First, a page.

Take small steps and you'll save yourself a fortune
Published 09/12/2012 | 05:00
THIS time three years ago, sickened at how much Budget 2009 had taken from my family, I decided to do something about it. Now we spend over €5,000 less each year as a family of two adults and one young child.
You can do as I have done by changing your spending habits and spending your money smarter. It's about making changes, not sacrifices.
Switch all utility bills
There are several ways to make savings here, eg, better insulation. However, something you can do immediately, and it's free, is switch to a cheaper provider.
If you have already switched, then make sure your discount has not expired. Often after 12 months, you automatically revert to the standard rate.
There are several providers offering various discounts: www.BordGaisEnergy.ie; www.Flogas.ie; www.ElectricIreland.ie; www.Airtricity.ie
Save up to 23 per cent on gas unit rate or save 17 per cent on gas and 6 per cent on electricity. Typical annual dual fuel savings €108: 2-bed apartment, €155: 2-bed house, €204: 3-bed house, €248: 4-bed house.
www.Bonkers.ie is a good website for comparing the different providers and packages available.
Your grocery bill will be your second biggest annual bill after your mortgage. It is worth trying some of the supermarkets' "own brands", which are much cheaper and often of equal quality. Doing this across several grocery items on a weekly basis can add up to significant savings.
Let's take milk as an example using prices at www.Tesco. ie: 1L CMP milk €1.19. 1L CMP fat-free milk €1.23; Tesco own-brand milk and skimmed milk, 1L 75c each. We use three litres of full-fat and two litres of skimmed each week so switching to Tesco 'own brand' milk saves us €118.56 each year.
Stop wasting food
According to www.StopFoodWaste.ie, Irish households throw about €1,000 worth of perfectly good food in the bin each year. Stop this by planning your shopping and only buying what you need. Make a list of what you throw out each week to help you decide what you need to buy less of. Remember, you can consume something after its 'best before' date but not after its 'use by' date.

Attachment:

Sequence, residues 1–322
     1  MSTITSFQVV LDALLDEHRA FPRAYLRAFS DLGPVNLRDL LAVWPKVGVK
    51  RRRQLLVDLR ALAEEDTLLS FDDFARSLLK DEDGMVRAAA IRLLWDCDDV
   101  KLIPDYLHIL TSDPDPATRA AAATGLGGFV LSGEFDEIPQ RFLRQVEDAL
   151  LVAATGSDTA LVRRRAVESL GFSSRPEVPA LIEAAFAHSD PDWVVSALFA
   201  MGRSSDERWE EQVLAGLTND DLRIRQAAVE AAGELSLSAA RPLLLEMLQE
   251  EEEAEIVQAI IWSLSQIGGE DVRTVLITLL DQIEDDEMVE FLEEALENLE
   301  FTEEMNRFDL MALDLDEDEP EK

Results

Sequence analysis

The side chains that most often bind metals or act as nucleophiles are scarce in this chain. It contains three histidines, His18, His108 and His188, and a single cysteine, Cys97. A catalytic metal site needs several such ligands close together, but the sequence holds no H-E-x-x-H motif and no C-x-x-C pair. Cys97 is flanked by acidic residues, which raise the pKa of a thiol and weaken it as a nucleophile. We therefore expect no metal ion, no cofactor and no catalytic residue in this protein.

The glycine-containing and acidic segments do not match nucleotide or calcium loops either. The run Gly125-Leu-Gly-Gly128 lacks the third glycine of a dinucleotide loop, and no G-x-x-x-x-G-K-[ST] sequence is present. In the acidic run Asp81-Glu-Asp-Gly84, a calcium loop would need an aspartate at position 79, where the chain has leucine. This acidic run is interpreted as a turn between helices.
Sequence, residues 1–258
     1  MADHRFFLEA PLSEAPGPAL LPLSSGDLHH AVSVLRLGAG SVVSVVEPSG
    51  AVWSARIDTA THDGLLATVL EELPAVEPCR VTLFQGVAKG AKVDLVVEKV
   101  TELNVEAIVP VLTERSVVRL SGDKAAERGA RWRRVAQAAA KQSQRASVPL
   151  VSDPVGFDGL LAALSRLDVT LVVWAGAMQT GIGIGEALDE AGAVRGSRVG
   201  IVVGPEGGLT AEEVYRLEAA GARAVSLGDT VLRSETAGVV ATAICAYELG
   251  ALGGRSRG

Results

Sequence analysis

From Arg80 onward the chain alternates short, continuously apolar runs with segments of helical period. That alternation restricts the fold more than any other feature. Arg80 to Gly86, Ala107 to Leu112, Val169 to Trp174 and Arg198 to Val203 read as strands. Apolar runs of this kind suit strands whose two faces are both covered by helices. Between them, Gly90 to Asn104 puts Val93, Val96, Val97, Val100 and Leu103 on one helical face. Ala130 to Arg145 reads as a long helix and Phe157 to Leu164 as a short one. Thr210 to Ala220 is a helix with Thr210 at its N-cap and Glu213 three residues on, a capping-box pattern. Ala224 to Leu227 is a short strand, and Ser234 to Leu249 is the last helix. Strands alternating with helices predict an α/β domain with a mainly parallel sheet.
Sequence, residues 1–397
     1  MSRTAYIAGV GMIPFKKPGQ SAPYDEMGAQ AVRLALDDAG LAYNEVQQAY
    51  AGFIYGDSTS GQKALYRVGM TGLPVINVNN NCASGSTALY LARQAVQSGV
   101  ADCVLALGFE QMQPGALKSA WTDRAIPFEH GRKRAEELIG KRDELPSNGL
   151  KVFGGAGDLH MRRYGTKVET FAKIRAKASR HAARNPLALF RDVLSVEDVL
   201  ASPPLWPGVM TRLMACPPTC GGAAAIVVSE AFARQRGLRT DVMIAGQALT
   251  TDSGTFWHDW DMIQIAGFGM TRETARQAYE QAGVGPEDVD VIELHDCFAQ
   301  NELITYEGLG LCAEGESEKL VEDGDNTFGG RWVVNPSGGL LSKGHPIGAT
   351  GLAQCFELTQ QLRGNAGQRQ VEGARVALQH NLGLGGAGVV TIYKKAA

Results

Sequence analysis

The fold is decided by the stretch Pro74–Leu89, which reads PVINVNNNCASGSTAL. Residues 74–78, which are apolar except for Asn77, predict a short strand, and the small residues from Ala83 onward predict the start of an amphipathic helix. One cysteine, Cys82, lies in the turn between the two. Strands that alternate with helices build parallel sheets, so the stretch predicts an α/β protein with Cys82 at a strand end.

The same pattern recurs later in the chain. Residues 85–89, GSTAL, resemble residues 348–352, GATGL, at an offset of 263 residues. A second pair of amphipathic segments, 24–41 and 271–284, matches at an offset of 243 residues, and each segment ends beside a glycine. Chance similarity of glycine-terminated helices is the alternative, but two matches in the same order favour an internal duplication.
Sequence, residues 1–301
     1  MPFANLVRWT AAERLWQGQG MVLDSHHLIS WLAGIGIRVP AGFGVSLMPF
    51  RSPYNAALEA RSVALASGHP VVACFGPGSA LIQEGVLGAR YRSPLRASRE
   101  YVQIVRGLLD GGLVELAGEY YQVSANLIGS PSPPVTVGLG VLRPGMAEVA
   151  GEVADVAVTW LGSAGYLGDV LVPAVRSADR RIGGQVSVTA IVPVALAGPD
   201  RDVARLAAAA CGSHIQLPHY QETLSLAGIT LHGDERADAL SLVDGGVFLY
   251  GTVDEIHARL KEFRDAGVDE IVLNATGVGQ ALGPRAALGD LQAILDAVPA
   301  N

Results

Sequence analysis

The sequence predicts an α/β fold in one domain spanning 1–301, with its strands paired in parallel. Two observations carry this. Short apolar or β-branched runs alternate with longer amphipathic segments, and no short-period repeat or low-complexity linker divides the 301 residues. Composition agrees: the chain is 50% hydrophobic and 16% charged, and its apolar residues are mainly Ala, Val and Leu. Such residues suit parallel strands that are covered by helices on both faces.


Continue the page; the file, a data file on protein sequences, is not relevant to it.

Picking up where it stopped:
Stock up on special offers
If you see a 2-for-1 offer or 50 per cent extra free on a product that you use regularly which has a long shelf-life, buy several months' or even a year's supply.
Check the supermarkets' websites before you go shopping and make a list of all the special offers as they may not be as easy to find in the store.
Learn new skills
Learn to cook and you can make a nice meal out of leftovers. Learn to DIY so you can fix that leaking radiator or change the air filter and light bulbs in your car.
Look for seasonal offers
Some great offers come up off-season. This is a good time of the year to get a great price on a BBQ or swimwear. Remember, it's only a "good deal" if you needed it to begin with, and to target a discount of more than 50 per cent.
Some recent examples include: pedestal charcoal BBQ was €47.11, now €17.99; kettle BBQ cover was €12.99, now €1.99 at Argos. Men's Speedo swimming briefs were €27.00 now €10.80, just 40 per cent of its original price; Women's Jasper Conran bikini bottoms were €25, now €7.50 at Debenhams.
Reduce transport costs